What Did You Learn In Unschooling Today?

Daughter and I had breakfast this morning, and she asked me some random addition questions. “Dad, how do you make twenty-seven?” It turned out she was thinking about a series of dance moves her Kathak classes had introduced, in which a group of nine turns is done three times. Her teacher had only shown the first two repetitions, so there was some confusion in her mind.

We worked it out; I was inspired to play some more with groups of nine, so we began adding up columns of 9s. All the fun of early math tricks started to come back for me — add up the digits of the sum of any group of nines, and they always add up to nine; etc., etc., etc. We kept adding nines together and exploring what the results looked like. Eventually I drew a 9×16 matrix on a piece of paper and filled in each cell as she counted up to 144.

She asked for some other numbers, and we played with 5s and 3s, examining the patterns they created as their sums built up. It was a fun way to prolong our breakfast.

Eventually she finished her oatmeal, and asked me to do more numbers. And I said, “I’ll give you a rhythm lesson.” She responded, “I don’t want a drum lesson now!” and I said, “Not drums. Rhythm and numbers.”

Whereupon I started showing her Reinhard Flatischler’s “TA-KI” and “GA-ME-LA” syllable groups.

We sat facing one another in two chairs. I said, “I’m going to say some magic rhythm words, and you say them back. The first word is TA-KI. Try it.”

She did. So we traded groups of recited TA-KIs back and forth for a while until she was comfortable with them. I began patting my knees on the first syllable of each TA-KI, and she imitated me happily.

Eventually I said “Great! The second rhythm word is GA-ME-LA. Try it!” and we repeated the process.

Then we started mixing up the syllables, while patting our knees on the first syllables of each “word.”

TA-KI / GA-ME-LA = 5 beats, accented 2+3

TA-KI / TA-KI / GA-ME-LA = 7 beats, accented 2 + 2+3

TA-KI / TA-KI / TA-KI / GA-ME-LA = 9 beats, accented 2 + 2 + 2 + 3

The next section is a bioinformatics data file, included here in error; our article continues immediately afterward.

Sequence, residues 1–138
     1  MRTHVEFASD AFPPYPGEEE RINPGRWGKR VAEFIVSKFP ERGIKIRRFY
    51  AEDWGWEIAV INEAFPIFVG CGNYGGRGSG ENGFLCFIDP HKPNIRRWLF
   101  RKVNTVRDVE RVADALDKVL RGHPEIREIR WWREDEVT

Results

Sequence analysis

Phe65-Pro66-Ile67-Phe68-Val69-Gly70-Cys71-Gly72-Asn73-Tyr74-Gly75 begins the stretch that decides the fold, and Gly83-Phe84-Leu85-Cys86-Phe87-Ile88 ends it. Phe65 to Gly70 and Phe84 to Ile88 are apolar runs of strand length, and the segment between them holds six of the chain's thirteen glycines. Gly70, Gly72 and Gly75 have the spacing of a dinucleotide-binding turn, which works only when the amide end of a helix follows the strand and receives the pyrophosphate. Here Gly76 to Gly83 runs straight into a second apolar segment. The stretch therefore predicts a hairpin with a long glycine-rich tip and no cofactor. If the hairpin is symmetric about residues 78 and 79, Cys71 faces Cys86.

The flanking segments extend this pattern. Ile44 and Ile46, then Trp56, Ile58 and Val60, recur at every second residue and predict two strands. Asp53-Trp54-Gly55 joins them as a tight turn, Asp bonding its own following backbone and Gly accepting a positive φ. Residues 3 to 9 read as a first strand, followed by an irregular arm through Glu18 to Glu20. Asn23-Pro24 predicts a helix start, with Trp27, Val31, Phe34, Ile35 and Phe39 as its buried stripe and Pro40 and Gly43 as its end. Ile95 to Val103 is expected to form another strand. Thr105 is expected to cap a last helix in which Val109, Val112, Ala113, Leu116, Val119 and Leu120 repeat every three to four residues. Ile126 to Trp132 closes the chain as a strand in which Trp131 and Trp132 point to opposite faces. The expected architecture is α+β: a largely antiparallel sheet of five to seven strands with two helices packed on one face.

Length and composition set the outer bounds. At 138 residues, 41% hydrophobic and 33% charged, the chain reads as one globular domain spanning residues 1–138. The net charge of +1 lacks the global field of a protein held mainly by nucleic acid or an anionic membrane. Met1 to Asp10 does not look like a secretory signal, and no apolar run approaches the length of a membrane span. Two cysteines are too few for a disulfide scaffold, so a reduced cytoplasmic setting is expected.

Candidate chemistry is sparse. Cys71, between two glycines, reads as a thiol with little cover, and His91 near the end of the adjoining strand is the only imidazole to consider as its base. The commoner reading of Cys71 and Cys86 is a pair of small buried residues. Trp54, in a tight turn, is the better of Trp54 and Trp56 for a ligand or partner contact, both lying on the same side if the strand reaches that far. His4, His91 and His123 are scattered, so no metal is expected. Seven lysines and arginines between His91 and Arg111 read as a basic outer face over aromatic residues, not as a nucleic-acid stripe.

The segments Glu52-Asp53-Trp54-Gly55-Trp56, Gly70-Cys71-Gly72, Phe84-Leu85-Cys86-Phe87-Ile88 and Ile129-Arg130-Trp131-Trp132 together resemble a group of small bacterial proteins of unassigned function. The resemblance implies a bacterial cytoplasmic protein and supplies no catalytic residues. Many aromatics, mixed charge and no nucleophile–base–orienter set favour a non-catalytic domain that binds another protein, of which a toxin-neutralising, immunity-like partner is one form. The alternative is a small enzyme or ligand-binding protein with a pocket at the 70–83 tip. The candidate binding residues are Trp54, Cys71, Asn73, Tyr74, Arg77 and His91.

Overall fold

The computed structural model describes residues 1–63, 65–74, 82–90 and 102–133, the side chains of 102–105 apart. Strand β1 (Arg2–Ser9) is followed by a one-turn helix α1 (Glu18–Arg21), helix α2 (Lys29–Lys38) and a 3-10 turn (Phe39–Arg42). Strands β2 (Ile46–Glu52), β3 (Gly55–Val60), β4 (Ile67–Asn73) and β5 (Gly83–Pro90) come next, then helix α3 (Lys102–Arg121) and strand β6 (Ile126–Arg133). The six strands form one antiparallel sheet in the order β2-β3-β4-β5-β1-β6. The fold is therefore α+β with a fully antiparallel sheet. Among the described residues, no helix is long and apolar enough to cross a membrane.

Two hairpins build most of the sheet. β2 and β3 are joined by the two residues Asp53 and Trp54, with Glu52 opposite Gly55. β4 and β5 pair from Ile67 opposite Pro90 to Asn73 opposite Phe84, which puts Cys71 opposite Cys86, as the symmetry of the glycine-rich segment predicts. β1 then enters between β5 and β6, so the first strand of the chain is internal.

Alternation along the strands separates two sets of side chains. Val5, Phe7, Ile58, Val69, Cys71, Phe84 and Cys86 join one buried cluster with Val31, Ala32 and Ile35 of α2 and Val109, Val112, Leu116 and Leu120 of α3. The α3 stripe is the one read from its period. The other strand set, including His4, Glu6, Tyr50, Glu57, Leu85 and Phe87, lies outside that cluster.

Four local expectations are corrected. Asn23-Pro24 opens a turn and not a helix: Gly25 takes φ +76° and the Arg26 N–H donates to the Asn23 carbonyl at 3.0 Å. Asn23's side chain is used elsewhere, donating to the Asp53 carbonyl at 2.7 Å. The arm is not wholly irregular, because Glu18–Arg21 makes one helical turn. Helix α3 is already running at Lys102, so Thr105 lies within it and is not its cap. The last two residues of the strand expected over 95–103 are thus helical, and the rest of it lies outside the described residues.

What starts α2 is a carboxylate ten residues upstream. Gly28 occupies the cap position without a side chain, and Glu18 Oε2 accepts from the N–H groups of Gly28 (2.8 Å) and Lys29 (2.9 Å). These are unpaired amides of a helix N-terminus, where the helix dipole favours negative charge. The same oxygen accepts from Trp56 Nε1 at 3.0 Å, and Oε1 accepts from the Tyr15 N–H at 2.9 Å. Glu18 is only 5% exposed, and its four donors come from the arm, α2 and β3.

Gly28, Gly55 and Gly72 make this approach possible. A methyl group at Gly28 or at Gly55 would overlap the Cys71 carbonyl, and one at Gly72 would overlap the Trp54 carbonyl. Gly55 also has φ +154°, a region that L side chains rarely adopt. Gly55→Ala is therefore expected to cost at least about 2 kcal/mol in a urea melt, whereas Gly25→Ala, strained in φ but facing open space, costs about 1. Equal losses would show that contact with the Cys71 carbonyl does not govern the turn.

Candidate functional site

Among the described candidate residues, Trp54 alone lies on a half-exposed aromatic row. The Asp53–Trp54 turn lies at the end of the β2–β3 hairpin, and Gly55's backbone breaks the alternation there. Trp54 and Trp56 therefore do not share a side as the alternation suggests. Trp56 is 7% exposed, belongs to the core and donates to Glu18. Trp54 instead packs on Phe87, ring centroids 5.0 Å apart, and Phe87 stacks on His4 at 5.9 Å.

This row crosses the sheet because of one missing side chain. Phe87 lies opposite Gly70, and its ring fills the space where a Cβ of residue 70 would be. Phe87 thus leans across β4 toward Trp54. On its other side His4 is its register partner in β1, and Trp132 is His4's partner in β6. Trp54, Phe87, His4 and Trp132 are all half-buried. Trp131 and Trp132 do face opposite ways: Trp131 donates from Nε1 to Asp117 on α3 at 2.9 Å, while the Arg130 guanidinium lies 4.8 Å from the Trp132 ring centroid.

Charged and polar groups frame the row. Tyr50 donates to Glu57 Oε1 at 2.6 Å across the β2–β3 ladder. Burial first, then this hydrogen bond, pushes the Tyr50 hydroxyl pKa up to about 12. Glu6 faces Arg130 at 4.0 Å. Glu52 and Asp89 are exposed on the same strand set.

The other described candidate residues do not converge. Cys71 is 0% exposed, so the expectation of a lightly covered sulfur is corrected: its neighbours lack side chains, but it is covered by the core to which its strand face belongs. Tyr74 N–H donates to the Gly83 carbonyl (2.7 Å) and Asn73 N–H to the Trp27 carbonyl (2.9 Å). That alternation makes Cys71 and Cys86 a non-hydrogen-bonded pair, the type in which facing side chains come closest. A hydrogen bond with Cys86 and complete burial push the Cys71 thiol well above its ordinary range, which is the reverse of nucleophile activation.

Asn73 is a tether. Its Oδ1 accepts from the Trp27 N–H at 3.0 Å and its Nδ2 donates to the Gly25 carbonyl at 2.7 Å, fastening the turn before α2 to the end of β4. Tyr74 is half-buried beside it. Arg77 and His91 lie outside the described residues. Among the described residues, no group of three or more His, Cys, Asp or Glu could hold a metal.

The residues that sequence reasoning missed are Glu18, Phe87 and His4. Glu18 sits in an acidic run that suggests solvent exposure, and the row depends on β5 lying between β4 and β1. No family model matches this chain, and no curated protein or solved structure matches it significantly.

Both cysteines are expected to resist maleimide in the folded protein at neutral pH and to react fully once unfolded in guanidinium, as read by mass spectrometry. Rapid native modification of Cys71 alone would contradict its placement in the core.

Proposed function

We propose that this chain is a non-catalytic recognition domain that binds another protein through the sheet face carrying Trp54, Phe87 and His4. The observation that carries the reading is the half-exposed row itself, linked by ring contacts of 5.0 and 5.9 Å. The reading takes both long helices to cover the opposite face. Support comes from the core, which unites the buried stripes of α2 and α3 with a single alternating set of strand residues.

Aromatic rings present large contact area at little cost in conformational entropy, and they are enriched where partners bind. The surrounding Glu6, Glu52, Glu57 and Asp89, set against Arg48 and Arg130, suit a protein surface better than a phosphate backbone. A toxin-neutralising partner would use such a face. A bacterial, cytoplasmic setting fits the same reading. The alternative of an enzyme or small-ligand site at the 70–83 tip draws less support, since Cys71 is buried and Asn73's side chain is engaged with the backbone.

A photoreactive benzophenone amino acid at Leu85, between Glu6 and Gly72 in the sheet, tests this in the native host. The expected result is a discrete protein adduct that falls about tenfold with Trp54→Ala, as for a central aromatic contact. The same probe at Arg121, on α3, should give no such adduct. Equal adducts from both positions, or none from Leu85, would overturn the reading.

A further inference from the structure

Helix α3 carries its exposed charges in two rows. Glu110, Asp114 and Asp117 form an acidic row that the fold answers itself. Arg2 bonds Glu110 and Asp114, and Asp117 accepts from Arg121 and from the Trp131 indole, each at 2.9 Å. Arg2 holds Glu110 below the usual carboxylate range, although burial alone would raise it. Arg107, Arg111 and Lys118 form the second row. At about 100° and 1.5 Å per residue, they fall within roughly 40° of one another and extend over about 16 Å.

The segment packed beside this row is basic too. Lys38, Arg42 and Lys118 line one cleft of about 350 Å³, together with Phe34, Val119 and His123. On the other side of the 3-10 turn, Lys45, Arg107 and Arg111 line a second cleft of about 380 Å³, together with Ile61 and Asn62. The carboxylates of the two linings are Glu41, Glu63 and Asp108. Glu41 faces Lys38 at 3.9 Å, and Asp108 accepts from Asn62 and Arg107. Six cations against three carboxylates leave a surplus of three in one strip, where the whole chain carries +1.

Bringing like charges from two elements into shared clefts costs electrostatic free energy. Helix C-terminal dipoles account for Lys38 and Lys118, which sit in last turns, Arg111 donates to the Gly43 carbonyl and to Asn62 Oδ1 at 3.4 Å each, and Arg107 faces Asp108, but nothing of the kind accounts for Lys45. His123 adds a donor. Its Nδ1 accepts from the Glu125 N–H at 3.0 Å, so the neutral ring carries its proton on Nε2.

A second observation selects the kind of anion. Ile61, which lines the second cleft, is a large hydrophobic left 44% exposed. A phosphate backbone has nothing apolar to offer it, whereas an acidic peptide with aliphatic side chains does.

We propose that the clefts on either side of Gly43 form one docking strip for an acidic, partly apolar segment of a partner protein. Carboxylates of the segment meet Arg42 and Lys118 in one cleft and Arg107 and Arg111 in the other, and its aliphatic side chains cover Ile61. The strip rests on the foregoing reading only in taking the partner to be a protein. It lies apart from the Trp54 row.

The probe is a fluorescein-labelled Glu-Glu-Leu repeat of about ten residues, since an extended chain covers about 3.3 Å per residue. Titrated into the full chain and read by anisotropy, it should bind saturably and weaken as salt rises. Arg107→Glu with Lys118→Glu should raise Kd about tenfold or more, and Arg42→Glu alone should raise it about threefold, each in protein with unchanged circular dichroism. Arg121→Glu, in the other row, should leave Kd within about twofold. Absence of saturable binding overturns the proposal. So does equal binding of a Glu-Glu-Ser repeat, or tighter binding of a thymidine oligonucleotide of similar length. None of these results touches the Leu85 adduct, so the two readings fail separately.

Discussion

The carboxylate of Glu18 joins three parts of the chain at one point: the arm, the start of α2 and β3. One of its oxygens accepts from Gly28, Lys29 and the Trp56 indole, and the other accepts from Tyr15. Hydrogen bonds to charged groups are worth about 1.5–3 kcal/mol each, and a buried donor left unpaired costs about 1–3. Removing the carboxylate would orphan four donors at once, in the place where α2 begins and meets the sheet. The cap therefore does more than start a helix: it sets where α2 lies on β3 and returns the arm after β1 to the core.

GA-ME-LA / GA-ME-LA / TA-KI = 8 beats, accented 3 + 3 + 2

She was getting it! While there were frequent glitches in the knee-patting, she recovered nicely.

Eventually we decided to do patty-cake. She really took the initiative at this point, deciding which syllable groups should have knee-pats, which should have patty-cake claps, and which should have spoken syllabic recitation. At this point I was just along for the ride.

The last few minutes were spent jamming on an 11-beat sequence, divided 3 + 3 + 3 + 2:


She decreed that we would pat knees for each of the GA-ME-LA groups, but not recite; on the final TA-KI, we’d clap each other’s hands and speak the “word” out loud. There we stayed for multiple repetitions, gaining confidence and competence.

Eventually we stopped and went upstairs, where she got dressed and ready for the next part of our day.

Which was spent in the woodshop. We’ve been making a stringed instrument together, and today was to be devoted to using my newly acquired drawknife for the shaping of the third tuning peg. The previous two had been very time-consuming, requiring chisels, surforms and a disc sander to achieve the right shape. But this tool, terrifying though it looks (a 10-inch knife sharpened to a razor edge in the hands of a six-year-old?), is designed beautifully. Harming one’s self is virtually impossible, since holding the handles prevents the blade from getting near arms, fingers, wrists or any body part.

And she loved it. “Dad! This is a wonderful tool!” She didn’t want to stop removing wood, and her hands grew steadily more intelligent with each stroke. “Can you give me some other pieces of wood so I can practice some more with the drawknife? Look! I’m getting to be really good at drawknifing!” (a wonderful verb, I think).

And soon the tuning peg was shaped correctly; a little rounding on the disc sander and it was just about the same shape as the others, which had taken easily four times longer to make. Sometime later this week we’ll finish stringing her “tar,” and start lessons.

And then we got on our adult-and-kid tandem bike and had a long ride, including a visit to Mom at work, a trip to the library, lunch, an ice-cream cone, Daddy getting a cappucino, a playground visit and a return home about four hours later.

A good day of homeschooling.

7 Jun 2011, 10:21am
by Srikanta

Warren, this sounds like so much fun!

This is such a fun way of learning many things at a time, since the underlying principles are the same! Inspiring and very heart warming:-)

PS: Vijaya will tell you who I am, in case you are wondering!


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